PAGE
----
11:33am: Q: How important is it to search within videos? Mayer: Voice is much further along than video. “But that’s just my personal opinion.” Video search is very important, though. Manber: We don’t have to make a distinction between specific areas in determines of importance. “They’re all important.”

11:36am: Q: When will Google Squares be available? Mayer: Later this month.

11:37am: Q: Include all sites with rich snippets? A: Limited amount of sites initially, and sites can sign up to be indexed as well. Q: Is there any way to opt out? A: Since it’s information that’s added to the HTML, any site can choose not to provide that information. But no guarantees, since Google will be using its own algorithms too.

11:39am: Q: How much closer do today’s announcements bring Google to becoming a perfect search engine? Mayer: Search is still in its infancy, and today’s announcements just reinforced that for her. Search is a “90-10″ problem (variation on the more common “80-20″ description), so that the last 10 percent that’s unsolved will require 90 percent of the work. Huffman: Mobile search is even further away from completion. Manber: To me, every five years in science fiction. Head of US Patent Office in 1860 said: “Anything that can be invented has been invented.” Which was, um, wrong.

11:43am: Q: How have law enforcement agencies changed their attitudes towards Google’s data? Mayer: We’re very sensitive to users needs in this area. We want to provide best possible service, but want users to offer information in areas where they think it’s worth it. Can’t specifically comment on legal cases.

11:44am: Q: How will desktop queries linked to mobile phone? A: Linkage is only there if you’re signed in to Google account. When you delete things from desktop browser, it will be deleted on your mobile browser, vice versa.


Google Declares Mobile Jihad

•05/12/2009 • 2 Comments

Support the Web, but Live with the App

Google declaring Jihad: ROFLCOPTER

Google declaring Jihad: ROFLCOPTER

Over the last year, it has become clear that Google has a bigger mobile war on its hands than it had anticipated. Its principal antagonist is Apple’s sexy Apple iPhone, which has seriously disrupted Google’s ambitions to turn the mobile industry into a Web-based world.

With its iPhone and the App Store, Apple has suddenly made it easy for people to download and install mobile apps. Now other big players are scrambling to follow Apple’s lead: Nokia, Samsung, Microsoft and Research In Motion among them. In the meantime, Google has fired back, with a surprising set of new web technologies that seek to make the Web even more compelling for mobile: By transplanting the richness PC browsing experience onto mobile device, Google may yet have the winning hand. For now, the war wages on.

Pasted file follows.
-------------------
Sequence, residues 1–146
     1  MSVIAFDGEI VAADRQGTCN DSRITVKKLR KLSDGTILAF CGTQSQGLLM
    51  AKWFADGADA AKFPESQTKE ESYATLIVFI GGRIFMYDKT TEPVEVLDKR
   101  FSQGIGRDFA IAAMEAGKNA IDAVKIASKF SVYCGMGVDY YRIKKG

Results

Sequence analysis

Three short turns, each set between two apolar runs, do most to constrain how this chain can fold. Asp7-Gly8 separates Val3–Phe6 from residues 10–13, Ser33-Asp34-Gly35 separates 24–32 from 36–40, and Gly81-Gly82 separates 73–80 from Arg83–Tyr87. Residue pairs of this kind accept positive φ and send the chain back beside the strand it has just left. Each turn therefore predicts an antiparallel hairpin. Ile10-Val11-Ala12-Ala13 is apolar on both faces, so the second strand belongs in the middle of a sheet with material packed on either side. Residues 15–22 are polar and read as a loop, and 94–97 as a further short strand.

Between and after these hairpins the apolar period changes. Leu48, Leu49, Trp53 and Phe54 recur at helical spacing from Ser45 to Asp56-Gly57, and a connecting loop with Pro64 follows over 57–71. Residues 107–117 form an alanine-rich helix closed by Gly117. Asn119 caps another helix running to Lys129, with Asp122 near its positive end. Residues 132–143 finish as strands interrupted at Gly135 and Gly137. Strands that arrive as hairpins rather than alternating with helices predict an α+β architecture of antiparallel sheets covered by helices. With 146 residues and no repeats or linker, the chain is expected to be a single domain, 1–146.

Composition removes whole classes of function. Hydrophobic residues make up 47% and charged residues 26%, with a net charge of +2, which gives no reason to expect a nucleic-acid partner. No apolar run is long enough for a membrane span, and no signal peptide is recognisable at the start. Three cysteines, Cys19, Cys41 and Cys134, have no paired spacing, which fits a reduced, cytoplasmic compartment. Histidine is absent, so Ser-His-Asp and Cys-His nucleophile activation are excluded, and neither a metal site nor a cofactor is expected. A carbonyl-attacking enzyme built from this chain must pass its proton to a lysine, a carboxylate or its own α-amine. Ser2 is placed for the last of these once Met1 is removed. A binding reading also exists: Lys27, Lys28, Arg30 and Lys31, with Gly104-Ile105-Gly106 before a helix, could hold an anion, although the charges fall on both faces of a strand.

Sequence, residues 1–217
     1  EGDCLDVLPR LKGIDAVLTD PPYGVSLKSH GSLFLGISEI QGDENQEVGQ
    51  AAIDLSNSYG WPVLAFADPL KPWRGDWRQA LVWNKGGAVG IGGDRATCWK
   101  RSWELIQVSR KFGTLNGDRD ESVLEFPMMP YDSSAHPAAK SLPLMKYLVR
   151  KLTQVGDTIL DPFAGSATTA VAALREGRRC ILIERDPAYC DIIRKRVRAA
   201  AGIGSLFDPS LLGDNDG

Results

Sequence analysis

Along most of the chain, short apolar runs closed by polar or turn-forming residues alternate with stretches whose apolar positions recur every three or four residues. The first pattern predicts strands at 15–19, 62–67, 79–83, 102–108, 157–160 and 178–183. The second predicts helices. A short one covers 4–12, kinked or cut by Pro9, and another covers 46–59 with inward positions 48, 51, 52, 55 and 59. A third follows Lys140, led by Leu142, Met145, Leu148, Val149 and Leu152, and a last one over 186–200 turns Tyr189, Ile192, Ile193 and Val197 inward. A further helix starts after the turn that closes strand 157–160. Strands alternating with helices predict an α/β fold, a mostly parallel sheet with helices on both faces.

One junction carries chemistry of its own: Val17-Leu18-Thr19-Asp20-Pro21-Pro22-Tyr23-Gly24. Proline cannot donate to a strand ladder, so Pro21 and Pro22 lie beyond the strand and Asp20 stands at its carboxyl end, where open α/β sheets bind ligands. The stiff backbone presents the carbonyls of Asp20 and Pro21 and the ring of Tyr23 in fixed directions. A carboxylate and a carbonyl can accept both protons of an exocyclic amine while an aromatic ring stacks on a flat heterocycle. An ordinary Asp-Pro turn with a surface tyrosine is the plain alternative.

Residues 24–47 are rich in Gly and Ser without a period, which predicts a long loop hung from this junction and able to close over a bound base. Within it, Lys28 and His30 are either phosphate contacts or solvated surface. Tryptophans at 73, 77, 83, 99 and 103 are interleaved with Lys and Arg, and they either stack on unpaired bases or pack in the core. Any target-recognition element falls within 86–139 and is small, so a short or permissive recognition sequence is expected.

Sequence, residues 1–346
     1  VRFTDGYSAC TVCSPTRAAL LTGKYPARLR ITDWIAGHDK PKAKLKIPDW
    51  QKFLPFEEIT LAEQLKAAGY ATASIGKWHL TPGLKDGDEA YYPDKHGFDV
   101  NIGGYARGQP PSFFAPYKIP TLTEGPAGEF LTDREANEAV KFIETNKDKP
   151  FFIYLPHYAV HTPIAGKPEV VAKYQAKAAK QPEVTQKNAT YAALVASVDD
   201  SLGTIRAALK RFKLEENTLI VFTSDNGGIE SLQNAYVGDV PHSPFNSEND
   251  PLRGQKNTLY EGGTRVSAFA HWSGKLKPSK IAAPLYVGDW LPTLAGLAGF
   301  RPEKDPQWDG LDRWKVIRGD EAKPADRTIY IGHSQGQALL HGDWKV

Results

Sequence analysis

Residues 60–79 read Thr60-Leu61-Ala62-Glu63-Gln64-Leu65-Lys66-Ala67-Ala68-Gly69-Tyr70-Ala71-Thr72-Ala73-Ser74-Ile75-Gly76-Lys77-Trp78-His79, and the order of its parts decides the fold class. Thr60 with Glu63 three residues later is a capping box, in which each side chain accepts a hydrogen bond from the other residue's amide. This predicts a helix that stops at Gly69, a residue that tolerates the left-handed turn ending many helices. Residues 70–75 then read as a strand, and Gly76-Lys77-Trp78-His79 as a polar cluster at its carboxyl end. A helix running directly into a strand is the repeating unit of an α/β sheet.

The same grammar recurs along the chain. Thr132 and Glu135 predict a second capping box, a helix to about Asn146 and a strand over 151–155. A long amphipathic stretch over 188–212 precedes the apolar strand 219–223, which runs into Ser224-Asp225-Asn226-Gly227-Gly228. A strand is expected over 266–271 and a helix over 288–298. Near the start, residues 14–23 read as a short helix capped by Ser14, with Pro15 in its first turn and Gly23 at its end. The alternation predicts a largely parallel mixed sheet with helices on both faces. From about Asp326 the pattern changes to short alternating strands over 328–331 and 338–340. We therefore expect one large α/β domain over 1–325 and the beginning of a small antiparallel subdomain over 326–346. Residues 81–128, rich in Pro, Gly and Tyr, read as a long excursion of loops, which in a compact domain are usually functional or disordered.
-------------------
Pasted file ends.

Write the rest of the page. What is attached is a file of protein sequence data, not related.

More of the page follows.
In some ways, oddly, Google and Apple are fighting together. Even Apple’s rich native applications will need to draw from the Web. Google, meanwhile, says it supports the rush to build rich mobile applications (and its delivering ads within iPhone apps). But by tying its apps into a deep integration within its device and operating system, Apple makes it harder for publishers to simply transfer their existing Web content to mobile — and that’s the conundrum for Google.

Web dominance?

Google’s past — as well as its present and future — lies on the Web. It has been beating rival Microsoft because it bet big on the Web, while Microsoft has remained tied to high-cost software downloaded to the computer.  Google embarked four years ago to start building Android, a new open mobile operating system for phones. Google makes billions by serving ads to the web pages served to your PC Web. Android was designed to help Web sites serve up web versions tailored to mobile phones, so that Google could make money from Web ads there too.

Just a year ago, it looked like Google’s vision would win. But since, users developers have fallen in love with the iPhone in a bigger way than expected and shifted their resources accordingly. Google can’t as easily dominate advertising there.

Mobile is especially hot right now. Everywhere, people are suddenly embracing smartphones, Amazon’s Kindle book-reading device, and other intelligent phones or devices with more intimacy than ever before. Hell, I even tuck my phone into bed with me some nights. It follows that mobile advertising is booming. U.S. advertisers will spend at least $200 million on mobile advertising this year, or 43 percent more than last year, according to studies. Add to that the hundreds of millions more in search ads, subscriptions revenue, virtual good revenue and other mobile services. True, while ad growth has slowed somewhat in the downturn, it’s expected to resume next year, according to a report by Magna, a unit of IDG — citing the expected addition of Google’s Android phones to the market, which will join the wildly popular Apple iPhone,

However, if you own an iPhone, you may be doing some surfing on the Safari mobile Web browser to check out web sites, but there’s actually a better chance you’ve fallen for some applications built especially for it. Take Facebook’s iPhone app, for example. Launched a year ago, it has 7.5 million users. While that’s a lot fewer than the 30 million users of the mobile web version across all other phones, it’s a huge number considering how small a market share the iPhone still has.